Patriots' Tom Brady still a master conductor
PHILADELPHIA — Tom Brady slowly walked behind center Ryan Wendell during Tuesday’s practice and observed the Eagles defense on the shadow of the Philadelphia end zone, pointed at the linebackers, made a vocal check at the line, gestured to Danny Amendola and called for the snap.
A moment later, Amendola easily broke free from his coverage and made a leaping touchdown catch to seal the Patriots’ most pristine offensive series of the joint session. Even during practice, Brady was game-ready with his focus under center and in total control in his first action of the summer against a live opposing defense.
Brady consistently worked the Eagles, extending snap counts to see if they’d jump, and when they did, he’d make a check to exploit the perceived coverage. Granted, the Eagles weren’t throwing the kitchen sink at Brady, but the quarterback made enough of the right calls to deliver passes before the defense could get anywhere near him.
Every bit as important, Brady’s receivers ran the right routes to get in place to finish the play.
“It’s impressive,” wide receiver Josh Boyce said. “He demands so much out of everybody. To follow his demands and be where he wants you to be on routes is fun.”
Brady opened the practice by completing 20-of-20 passes in one-on-one drills. Obviously, those are heavily swayed in the offense’s favor, but the receivers ran through a complex route tree, including a back-shoulder throw to Aaron Dobson, a deep pattern to Boyce and a comeback toss to Kenbrell Thompkins. Amendola ran the route of the day when he scooted through a variety of moves to turn around Eagles safety Patrick Chung three times before Brady found him.
“I feel like we got some good stuff done today,” Amendola said. “We’re just trying to work out some kinks and all trying to get on the same page. Overall, a good day today.”
Brady then completed all seven of his passes in 7-on-7 work before kicking it into gear for 11-on-11s, where he hit on 17-of-21 passes and even drew a pair of pass interference penalties. Two of Brady’s incompletions were drops, which came when Thompkins slipped out of his break and Amendola let a potential touchdown toss clang off his hands.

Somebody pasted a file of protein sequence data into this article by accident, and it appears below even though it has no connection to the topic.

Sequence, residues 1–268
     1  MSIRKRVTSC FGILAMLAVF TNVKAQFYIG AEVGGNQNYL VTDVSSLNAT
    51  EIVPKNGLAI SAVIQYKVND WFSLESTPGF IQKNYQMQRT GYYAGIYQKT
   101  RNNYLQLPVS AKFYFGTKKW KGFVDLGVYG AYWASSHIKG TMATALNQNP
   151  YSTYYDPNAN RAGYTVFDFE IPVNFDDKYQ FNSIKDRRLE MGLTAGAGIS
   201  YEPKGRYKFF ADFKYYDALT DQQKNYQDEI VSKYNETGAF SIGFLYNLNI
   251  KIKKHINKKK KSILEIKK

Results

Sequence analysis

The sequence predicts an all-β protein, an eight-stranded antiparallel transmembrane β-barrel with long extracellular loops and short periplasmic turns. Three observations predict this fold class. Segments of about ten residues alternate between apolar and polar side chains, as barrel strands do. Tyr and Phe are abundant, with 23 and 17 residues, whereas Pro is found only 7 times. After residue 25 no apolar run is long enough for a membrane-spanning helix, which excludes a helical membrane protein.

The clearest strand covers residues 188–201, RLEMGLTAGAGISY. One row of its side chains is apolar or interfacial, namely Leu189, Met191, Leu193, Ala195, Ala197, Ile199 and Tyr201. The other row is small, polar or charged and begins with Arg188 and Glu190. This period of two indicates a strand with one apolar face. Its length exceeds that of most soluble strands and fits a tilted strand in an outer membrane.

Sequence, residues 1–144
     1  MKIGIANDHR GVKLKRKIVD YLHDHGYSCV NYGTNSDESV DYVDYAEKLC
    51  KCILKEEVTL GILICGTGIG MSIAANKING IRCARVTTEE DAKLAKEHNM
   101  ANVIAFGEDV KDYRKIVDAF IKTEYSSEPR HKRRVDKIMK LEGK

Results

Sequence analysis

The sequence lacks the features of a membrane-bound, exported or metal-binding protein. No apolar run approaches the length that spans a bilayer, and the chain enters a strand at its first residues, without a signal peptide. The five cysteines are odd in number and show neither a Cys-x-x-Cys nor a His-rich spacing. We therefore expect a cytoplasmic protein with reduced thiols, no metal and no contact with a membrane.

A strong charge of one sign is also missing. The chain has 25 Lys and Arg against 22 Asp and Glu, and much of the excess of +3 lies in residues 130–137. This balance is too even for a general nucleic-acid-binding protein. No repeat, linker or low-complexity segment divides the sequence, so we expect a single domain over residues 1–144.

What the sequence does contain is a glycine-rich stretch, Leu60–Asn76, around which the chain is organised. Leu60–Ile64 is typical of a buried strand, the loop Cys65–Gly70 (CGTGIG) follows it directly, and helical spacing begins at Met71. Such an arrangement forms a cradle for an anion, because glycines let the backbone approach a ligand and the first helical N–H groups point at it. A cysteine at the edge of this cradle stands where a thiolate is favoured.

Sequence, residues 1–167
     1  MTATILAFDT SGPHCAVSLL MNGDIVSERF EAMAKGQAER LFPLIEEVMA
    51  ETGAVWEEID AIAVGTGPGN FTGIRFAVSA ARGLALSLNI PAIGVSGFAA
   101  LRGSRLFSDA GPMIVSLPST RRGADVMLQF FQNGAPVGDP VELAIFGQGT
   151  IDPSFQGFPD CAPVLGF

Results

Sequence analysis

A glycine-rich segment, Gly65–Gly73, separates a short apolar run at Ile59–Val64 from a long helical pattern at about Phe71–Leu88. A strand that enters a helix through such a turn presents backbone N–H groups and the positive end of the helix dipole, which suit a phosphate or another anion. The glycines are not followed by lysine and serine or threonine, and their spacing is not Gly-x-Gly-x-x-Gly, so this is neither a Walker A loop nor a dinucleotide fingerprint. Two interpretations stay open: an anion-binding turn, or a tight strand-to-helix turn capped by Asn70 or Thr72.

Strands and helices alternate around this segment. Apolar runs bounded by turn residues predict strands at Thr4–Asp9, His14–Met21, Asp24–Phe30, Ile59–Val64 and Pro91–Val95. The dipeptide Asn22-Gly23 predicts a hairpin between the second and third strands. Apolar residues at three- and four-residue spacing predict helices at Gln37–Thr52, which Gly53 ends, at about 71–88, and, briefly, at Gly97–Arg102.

The offense’s greatest stretch occurred during a no-huddle session that started near its own goal line. Brady marched down the field with ease and completed all eight of his passes to six different receivers, including the scoring toss to Amendola.
There was magic in the variation, too. Throughout the course of 11-on-11 work, Brady hit Kamar Aiken in a soft spot in the zone, found running back Leon Washington on a wheel route up the left sideline, struck Thompkins with a laser on a deep throw, dumped off a throw to Amendola on a check-down, nailed Boyce on a deep pass through two safeties and lofted a nice touchdown pass to tight end Zach Sudfeld after he beat linebacker DeMeco Ryans over the middle.
Brady took what was given at times, and there were other plays when he and a receiver teamed up to make something happen. The numbers weren’t just a reflection of a dozen dump-offs to Amendola or the running backs.
Brady was happy enough with the performance to deem it one of the offense’s best sessions of camp. It was also an extension of a long walkthrough at the team hotel, so the Pats clearly executed after emphasizing certain areas of importance.
While Brady was the showstopper, he needed his receivers to finish the job. Boyce had his best practice in terms of completing difficult catches, and Thompkins has continued to emerge as a solid possession receiver with nice route-running ability and sneaky speed. His workload even increased after Dobson was benched for an early shoving match with Eagles cornerback Cary Williams.
Brady and his new cast of receivers have shown plenty of moments of promise during camp, though there have also been some noticeable growing pains along the way. Tuesday, with the chance to take on a new defense, Brady and the offense made their most impressionable strides. The offensive captain said a lot has gone into that improvement.
“I’m probably a pain in their butt at this point,” Brady said. “I’m always harping on them about something. I don’t let off very often, so I’m sure it will be nice for everybody to get to the games and get competitive.”